As expected, the venture failed as per our discussion above.

But nonetheless, we at DDTG are confident of the true role of the Islamic gold dinar and silver dirham; and what is needed to achieve the objective.  The task ahead is not an easy one because money and financial systems are tricky and intertwined with global power play.  We are talking about complementing paradigms or even complete paradigm shifts.  Hence, this will take time.  But, we are confident that by the Grace of Allah SWT the gold dinar and silver dirham will ultimately resurface, and contribute to socio-economic justice, peace and abundant prosperity for all – Muslims and non-Muslims alike;   in the near future.  We just need to be focused, steadfast and patient.  Truth, honesty and willing to listen to other opinions are other quality traits one should develop in one’s self to contribute to this success.

The path to Glorious Islam again is not through fighting armies but rather through eradicating RIBA in all its forms in society.  We hope Shaykh Abdalqadir would reconsider his statement as gold, silver and commodities with intrinsic value are sunnah money.  The struggle against RIBA is a multifaceted one and the ummah’s strive to re-establish the gold dinar and silver dirham is warranted and a legitimate right action.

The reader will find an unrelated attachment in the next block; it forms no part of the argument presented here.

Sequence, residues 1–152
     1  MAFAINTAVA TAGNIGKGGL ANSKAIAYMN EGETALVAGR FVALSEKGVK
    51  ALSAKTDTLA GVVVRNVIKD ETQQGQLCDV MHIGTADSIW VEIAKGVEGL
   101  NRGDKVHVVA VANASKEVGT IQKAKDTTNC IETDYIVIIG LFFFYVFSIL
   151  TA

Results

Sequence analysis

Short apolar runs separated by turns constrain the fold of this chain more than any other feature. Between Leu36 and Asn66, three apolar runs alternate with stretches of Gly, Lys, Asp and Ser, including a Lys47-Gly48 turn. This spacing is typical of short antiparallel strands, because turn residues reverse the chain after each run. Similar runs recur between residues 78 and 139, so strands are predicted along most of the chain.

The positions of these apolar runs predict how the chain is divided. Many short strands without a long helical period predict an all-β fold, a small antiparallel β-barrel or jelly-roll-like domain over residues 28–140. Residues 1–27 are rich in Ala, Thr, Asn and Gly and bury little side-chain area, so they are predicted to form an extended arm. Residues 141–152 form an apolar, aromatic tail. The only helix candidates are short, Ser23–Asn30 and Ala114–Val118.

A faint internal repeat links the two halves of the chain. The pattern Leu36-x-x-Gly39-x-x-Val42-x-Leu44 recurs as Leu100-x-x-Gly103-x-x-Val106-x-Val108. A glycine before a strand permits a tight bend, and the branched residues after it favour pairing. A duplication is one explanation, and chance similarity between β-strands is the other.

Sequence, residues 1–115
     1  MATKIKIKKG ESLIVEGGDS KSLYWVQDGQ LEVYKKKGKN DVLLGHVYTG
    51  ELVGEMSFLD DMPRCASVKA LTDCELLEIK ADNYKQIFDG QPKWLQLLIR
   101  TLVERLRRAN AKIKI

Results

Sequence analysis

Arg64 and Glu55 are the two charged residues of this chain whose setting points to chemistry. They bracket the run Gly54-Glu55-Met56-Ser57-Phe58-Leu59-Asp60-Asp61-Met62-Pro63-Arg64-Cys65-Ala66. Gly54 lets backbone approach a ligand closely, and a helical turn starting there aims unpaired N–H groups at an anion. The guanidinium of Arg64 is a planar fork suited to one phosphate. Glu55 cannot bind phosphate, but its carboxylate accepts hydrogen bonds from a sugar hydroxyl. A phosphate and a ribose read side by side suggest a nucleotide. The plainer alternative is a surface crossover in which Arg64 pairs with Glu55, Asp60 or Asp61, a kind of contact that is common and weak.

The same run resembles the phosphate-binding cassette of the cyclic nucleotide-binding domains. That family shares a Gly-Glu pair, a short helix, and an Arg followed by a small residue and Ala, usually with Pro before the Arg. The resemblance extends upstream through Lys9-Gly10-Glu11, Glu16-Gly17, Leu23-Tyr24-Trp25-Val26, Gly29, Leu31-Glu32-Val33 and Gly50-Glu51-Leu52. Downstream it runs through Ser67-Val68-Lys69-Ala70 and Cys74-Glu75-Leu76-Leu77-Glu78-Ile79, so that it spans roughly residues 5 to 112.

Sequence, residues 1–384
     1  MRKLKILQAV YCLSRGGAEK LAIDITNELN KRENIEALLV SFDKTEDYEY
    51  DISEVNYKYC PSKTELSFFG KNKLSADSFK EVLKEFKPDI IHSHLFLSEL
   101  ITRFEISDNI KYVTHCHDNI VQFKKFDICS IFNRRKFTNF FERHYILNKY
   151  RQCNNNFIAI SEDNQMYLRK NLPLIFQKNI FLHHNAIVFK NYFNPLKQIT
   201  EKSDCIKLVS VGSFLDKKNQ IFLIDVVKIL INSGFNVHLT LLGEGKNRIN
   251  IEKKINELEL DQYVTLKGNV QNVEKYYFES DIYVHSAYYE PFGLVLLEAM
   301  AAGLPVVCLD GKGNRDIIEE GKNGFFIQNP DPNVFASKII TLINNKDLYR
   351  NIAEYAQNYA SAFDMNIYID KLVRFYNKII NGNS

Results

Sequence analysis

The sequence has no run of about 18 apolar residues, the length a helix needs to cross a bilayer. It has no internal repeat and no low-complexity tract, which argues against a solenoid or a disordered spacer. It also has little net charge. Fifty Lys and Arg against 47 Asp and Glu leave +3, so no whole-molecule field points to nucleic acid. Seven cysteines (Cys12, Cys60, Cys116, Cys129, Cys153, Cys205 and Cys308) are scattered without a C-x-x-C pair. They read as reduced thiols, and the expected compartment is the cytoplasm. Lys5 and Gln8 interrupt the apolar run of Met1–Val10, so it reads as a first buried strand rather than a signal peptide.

The Dinar and Dirham Technical Group

[1] The Dinar and Dirham Technical Group is an informal group of academicians, sharia scholars, lawyers, practitioners, businessmen, college students etc. from the Nusantara, led by Dr Ahamed Kameel Mydin Meera, a professor and Dean at the International Islamic University Malaysia.  The group occasionally meets basically to discuss the DnD intellectually, to determine the DnD standards and their historical role, to describe the true role of DnD in Islamic economics and discuss strategies to actualize the implementation of DnD given the current local and global socio-political and legal conditions.